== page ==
I'd love detailed explanation on how drive's password / encryption work


#1

Hello,

I just bought WD My Passport Essential SE 1TB USB 3.0 drive, but before I put my precious files there, I need to make decision what kind of protection to use. There are 2 obvious choices: the WD’s disk password and the TrueCrypt software.

I’m fan of TrueCrypt, which is by far the best software to protect data. It is very well documented, free (as in free beer), there are sources available, doesn’t have any government backdoors inside, has carefully selected algorithms. In short - very well implemented piece of cryptography.

I would like to know in more details how does WD’s HDD password work. Is there any doument that outlines its internals? How is data protected – is it encrypted in some way? If so, then by which algorithm? And how long is the actual master key used to encrypt data?

Cryptographic solutions are only trustworthy if they are publicly known, not obscured, so anyone brave can try to bypass them and fail. I don’t need, or want, to crack the drive’s encryption, I just need to know if I can trust it. And you may call me paranoid :wink:

Thanks in advance.


#2

I don’t know about any documents but their password encryption is handled by a circuit board on the drive itself. There is no way to bypass or reset password. If the board fails you’re screwed. The board is full of posts with people moaining the fact there is no reset.

Joe


#3

Hi there!! As far as I know, WD drives use 256-bit physical AES encryption… Other than that, there’s not much I can tell you…

I would like to know more details as well…


#4

I don’t know about any documents but their password encryption is handled by a circuit board on the drive itself. There is no way to bypass or reset password. If the board fails you’re screwed. The board is full of posts with people moaining the fact there is no reset.

Wow I’ve read a little, and I’m going to return the thing as soon as possible. I’m not interested in the encryption anymore :slight_smile:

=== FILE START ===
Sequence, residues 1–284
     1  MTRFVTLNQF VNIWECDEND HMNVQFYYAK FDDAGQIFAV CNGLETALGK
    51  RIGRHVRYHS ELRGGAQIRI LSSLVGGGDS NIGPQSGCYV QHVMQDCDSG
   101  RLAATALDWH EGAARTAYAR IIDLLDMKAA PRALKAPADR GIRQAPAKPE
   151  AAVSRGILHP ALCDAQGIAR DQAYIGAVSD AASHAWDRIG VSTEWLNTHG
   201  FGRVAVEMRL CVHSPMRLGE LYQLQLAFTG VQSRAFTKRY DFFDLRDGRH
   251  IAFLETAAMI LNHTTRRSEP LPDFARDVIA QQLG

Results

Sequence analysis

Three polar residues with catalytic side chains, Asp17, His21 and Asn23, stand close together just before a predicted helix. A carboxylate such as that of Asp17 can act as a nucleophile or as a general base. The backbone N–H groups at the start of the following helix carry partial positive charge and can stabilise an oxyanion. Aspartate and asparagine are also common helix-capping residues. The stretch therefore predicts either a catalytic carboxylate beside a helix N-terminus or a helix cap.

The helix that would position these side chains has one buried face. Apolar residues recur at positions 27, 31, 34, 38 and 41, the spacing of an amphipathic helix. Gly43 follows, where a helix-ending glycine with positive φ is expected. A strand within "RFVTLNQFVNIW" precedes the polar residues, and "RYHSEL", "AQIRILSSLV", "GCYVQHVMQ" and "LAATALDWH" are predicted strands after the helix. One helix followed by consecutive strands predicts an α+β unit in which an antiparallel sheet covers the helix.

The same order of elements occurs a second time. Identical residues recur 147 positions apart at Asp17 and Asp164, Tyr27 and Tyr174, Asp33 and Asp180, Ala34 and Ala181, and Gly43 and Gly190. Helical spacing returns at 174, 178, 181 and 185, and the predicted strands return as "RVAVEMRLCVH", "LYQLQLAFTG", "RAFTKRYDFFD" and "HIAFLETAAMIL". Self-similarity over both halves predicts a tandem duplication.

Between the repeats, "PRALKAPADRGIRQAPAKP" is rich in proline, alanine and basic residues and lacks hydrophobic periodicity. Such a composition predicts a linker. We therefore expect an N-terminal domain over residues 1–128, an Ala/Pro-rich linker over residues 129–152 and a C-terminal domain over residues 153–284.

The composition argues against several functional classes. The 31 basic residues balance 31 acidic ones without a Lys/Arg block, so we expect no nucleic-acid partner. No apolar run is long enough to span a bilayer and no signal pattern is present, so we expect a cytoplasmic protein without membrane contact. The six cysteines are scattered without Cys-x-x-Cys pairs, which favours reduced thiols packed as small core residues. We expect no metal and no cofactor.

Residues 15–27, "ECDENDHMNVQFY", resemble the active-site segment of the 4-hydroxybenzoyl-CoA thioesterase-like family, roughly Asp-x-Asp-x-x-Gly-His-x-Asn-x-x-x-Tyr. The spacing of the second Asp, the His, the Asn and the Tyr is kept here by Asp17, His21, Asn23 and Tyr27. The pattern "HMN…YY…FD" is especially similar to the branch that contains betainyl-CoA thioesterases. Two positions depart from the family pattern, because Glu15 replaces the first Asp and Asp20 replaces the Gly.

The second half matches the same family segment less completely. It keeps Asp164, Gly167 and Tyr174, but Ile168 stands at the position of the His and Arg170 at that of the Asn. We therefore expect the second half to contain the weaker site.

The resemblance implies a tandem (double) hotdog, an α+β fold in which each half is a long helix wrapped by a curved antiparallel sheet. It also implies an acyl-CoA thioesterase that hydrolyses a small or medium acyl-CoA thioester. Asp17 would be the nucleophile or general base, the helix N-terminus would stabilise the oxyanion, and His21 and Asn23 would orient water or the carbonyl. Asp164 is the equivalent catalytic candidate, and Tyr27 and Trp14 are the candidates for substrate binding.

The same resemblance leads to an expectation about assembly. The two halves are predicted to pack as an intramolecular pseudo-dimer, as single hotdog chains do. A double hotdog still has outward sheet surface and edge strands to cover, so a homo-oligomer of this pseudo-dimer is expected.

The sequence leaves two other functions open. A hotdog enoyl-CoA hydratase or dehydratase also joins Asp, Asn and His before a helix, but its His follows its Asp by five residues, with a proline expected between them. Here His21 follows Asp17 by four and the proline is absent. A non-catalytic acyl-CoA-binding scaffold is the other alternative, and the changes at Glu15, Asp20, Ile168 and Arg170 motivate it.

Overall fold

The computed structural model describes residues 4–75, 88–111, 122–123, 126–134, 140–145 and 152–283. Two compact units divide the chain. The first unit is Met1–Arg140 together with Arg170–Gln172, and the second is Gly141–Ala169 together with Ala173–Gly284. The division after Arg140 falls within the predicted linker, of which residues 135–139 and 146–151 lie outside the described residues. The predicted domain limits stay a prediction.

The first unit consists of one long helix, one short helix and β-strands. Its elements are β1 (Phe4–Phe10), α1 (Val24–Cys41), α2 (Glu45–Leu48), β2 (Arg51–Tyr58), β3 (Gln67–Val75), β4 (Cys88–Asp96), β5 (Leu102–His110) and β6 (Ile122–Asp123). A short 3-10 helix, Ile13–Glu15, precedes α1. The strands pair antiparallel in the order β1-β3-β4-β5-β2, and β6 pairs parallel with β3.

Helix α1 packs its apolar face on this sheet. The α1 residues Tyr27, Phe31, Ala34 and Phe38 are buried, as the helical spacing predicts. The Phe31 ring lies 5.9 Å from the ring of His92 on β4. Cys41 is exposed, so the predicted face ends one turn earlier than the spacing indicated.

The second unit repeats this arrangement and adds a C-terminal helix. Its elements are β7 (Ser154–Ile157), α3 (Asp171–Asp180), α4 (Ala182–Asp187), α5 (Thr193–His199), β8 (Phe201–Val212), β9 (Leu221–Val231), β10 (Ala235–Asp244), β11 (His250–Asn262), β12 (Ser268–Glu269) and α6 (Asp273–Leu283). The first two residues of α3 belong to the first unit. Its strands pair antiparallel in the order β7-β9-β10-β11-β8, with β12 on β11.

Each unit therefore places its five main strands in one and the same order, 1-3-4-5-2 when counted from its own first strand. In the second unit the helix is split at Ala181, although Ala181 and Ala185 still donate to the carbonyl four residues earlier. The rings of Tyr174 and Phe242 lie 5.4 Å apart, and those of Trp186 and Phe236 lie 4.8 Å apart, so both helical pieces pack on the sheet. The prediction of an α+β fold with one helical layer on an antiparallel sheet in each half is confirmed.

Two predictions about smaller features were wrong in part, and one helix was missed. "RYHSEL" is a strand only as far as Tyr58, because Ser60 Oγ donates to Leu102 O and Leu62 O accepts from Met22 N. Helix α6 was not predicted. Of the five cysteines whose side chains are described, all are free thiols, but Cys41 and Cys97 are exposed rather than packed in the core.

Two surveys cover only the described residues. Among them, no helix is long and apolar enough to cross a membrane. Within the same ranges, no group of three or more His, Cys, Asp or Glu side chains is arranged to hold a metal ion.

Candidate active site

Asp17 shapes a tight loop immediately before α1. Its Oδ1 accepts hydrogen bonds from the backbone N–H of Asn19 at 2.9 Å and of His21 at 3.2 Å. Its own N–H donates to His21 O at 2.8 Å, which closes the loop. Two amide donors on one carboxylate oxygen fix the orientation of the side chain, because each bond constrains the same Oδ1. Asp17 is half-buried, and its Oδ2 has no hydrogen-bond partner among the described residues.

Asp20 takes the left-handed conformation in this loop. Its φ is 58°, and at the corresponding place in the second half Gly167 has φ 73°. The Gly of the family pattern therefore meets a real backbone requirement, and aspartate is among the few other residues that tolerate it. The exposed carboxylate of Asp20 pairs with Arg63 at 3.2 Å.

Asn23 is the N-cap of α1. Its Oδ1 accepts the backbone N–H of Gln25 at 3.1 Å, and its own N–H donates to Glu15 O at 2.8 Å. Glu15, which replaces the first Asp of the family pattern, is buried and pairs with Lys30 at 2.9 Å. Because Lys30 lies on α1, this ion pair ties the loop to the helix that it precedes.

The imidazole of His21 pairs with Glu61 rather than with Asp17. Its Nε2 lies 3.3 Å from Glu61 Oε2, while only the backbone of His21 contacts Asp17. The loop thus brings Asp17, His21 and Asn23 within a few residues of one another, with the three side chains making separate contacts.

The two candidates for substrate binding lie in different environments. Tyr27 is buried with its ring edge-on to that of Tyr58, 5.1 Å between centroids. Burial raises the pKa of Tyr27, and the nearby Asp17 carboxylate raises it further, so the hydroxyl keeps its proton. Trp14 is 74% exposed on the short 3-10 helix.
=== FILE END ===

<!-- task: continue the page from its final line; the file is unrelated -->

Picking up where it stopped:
First, I saw posts that suggested there is _something_ in the enclosure, you can’t put the disk in another enclosure if it fails (for example if USB socket breaks, and it happens, it happened to me, too), because the data is not readable.

I installed just the app to let me lock the drive, and here’s what I saw:

http://img26.imageshack.us/i/wdblurbs.png/

I particularly liked the “.blurb” things.

Then I proceeded to download SmartWare Update advertised on this page:

http://community.wdc.com/t5/News-Announcements/WD-SmartWare-Product-Update-My-Book-Essential-USB-3-0-and-My/td-p/120648

from this page:

http://www.wdc.com/wdproducts/wdsmartwareupdate/Step1.asp?id=wdfMP30_Essential&os=WIN

and after decompression Kaspersky told me there’s malware in it:

Trojan-Downloader.Win32.FraudLoad.ylfj

In file: C:\Users\myname\AppData\Local\Temp\ckz_7C8R\SmartWare Firmware Updater\Self-Extracting WD Application\NFU.dll

and that sounds serious…

I’ll probably resort to a plain disk with a 3rd party USB enclosure, it worked very reliably for years. So there’s no TrueCrypt vs disk encryption problem anymore.


#5

It’s probably  false posative on the Kapersky detection because it is trying to access the internet to check for updates. There are also a lot of cases with these drives setting a password on their  own.

Joe


#6

Please see VirusTotal report on the NFU.dll file:

http://www.virustotal.com/file-scan/report.html?id=817a66c98f59861f7a7dc1e99ac7371d9cfffc5f78af18cb0830fb0eefd23d2c-1298023542

12 out of 38 antiviruses marked it as a trojan! This is not just Kaspersky’s FP…

Dear WD people, are you aware of that? Are you going to fix that?

Just another reason to drop this in favor of competition or self-made stuff…

EDIT: I don’t know why the file name is garbled, just upload NFU.dll yourself if you’re not going to believe me.


#7

Sereval antivirus programs use the Kapersky engine in their product so that is part of the problem. This has been discusssed before. I admit it doesn’t make the average person feel very secure.

Joe